Although the occasions can be many, there are two basic reasons for discouragement—internal and external. The internal occurs when for some reason we have given way to sin, and the external occurs when we are buffeted by circumstances, as Job was, but without sin. And, of course, it is possible to get discouraged in both ways simultaneously. How are we to understand this? How are we to respond to it?
“Why art thou cast down, O my soul? and why art thou disquieted within me? hope thou in God: for I shall yet praise him, who is the health of my countenance, and my God” (Ps. 42:11).
Summary of the Text
We have dealt with this psalm in detail before, and so here we will just consider the implications of this one verse. First, the psalmist presupposes that the condition of peace is normal. He is cast down and disquieted, and he wants to know the reason why. This disturbance of his soul is the thing that requires explanation. “Why are you cast down?” he asks himself (v. 11). Second, the psalmist remonstrates with himself. He talks to himself, which is a good alternative to listening to himself. He preaches to himself, and it is a convicting sermon. Third, he comes to a pointed exhortation, commanding himself to hope in God. Not only this, but he anticipates that he will in fact obey the command, for he will in the future praise God. He resolves that he will obey his exhortation to himself.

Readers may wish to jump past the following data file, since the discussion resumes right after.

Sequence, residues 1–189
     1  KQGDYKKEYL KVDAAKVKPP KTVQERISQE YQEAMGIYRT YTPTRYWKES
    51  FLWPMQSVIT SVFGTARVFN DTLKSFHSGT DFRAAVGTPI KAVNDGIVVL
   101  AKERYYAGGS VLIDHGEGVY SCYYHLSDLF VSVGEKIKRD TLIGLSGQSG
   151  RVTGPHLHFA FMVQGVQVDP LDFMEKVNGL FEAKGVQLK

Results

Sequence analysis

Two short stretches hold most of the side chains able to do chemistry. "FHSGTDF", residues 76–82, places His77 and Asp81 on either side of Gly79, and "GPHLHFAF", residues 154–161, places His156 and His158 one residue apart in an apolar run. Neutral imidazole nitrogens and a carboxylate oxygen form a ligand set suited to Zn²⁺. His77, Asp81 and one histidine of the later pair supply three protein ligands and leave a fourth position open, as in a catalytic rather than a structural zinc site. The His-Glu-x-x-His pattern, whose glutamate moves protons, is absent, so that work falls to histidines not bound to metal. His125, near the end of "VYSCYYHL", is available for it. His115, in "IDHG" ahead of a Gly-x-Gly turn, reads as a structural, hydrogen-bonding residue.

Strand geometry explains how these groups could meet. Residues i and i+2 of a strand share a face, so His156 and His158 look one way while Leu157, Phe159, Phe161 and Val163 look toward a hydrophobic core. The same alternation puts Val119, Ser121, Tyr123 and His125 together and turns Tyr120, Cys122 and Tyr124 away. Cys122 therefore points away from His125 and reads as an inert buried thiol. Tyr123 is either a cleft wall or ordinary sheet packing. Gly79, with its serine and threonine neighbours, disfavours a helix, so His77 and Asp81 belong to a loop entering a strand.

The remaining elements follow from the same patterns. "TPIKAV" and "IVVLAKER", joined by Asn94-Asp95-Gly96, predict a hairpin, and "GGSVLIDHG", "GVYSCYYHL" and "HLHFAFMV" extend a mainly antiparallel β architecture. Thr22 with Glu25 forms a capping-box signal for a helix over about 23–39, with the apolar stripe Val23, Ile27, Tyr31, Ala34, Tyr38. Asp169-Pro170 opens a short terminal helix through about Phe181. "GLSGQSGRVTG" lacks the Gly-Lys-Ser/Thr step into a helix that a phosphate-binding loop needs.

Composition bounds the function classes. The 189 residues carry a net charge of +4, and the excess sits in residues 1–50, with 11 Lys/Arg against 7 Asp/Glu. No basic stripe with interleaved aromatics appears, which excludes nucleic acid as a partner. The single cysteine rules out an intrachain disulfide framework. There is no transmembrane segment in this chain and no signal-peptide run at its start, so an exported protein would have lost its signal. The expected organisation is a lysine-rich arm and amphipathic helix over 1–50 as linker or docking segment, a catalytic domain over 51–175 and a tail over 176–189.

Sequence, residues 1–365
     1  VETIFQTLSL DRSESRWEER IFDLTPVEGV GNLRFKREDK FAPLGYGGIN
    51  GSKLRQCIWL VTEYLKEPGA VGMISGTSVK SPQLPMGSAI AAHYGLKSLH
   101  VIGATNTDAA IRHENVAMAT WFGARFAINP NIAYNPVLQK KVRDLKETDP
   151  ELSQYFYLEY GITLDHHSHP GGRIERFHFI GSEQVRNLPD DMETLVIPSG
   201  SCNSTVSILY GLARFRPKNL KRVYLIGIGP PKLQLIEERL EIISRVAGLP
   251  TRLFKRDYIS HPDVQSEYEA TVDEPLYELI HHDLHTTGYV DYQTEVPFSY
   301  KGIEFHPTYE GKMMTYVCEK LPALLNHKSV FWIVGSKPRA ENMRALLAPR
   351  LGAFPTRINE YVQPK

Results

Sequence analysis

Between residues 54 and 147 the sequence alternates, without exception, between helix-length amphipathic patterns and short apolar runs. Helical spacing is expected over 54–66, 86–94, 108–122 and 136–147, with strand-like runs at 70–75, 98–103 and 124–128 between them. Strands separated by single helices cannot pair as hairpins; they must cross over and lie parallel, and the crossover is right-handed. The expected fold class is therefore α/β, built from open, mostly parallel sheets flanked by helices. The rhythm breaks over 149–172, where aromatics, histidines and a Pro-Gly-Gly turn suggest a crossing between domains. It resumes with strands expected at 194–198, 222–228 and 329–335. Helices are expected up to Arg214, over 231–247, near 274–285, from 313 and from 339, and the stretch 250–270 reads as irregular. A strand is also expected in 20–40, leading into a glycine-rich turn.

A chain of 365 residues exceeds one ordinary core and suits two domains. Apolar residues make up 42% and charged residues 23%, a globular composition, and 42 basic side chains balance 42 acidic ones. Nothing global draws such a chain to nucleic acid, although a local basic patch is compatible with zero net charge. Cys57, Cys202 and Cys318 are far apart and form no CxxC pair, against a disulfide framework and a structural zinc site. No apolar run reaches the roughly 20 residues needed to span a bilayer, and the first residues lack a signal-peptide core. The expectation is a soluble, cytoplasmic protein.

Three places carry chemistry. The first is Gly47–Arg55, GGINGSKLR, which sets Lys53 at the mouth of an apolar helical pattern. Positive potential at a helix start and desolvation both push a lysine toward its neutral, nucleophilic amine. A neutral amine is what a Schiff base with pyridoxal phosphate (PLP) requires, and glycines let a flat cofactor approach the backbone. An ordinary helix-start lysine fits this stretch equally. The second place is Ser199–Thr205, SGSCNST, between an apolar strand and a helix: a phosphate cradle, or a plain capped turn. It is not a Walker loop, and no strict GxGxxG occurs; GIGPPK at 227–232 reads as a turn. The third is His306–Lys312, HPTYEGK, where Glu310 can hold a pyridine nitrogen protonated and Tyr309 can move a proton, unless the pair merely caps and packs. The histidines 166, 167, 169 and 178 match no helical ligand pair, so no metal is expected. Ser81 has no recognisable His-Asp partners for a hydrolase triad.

When we speak peace to our hearts, we can do it in accordance with the Scriptures, or we can do it in accordance with our own pipe dreams. For example, someone who has become an idolater by turning away from the Lord can speak peace to his own heart, in his own name and on his own authority. “And it come to pass, when he heareth the words of this curse, that he bless himself in his heart, saying, I shall have peace, though I walk in the imagination of mine heart, to add drunkenness to thirst” (Dt. 29:19).
But what I am declaring here are the words of the gospel, and the gospel does not sew cushions or pillows for sin.
Remember that your salvation has occurred because God has included you in His triune life. The gospel is triune, just like the God who established the gospel. And this is why peace for your distress is triune peace. What do I mean?
God the Father has declared that the comfort of peace is to be announced to us (Is. 40:1-2). Christ has become our peace by His own blood (Eph. 2:13-14). And why would the Father not give to us what Christ has purchased for us? And the Spirit of the Lord came upon Christ so that He might comfort those who mourn, that He might bind up the brokenhearted (Luke 4:18). Because Christ died, the executor of His testament is the Holy Spirit. Remember then, when you are struggling with discouragement, that Father, Son, and Spirit, are all engaged on your behalf.
Discouragement in Sin
One reason why Christians are discouraged in their attempts to live the Christian life is that they are attempting to run the race with cords around their feet, and a 150-pound backpack on (Heb. 12:1). And so the way out of that kind of discouragement in sin is repentance. Discouragement in such cases is disciplinary, and God’s hand is heavy upon you for a reason. Make sure to repent the sin all the way down to its foundations, and secondly, make sure to repent of the right sin. Don’t go snipe hunting in your conscience.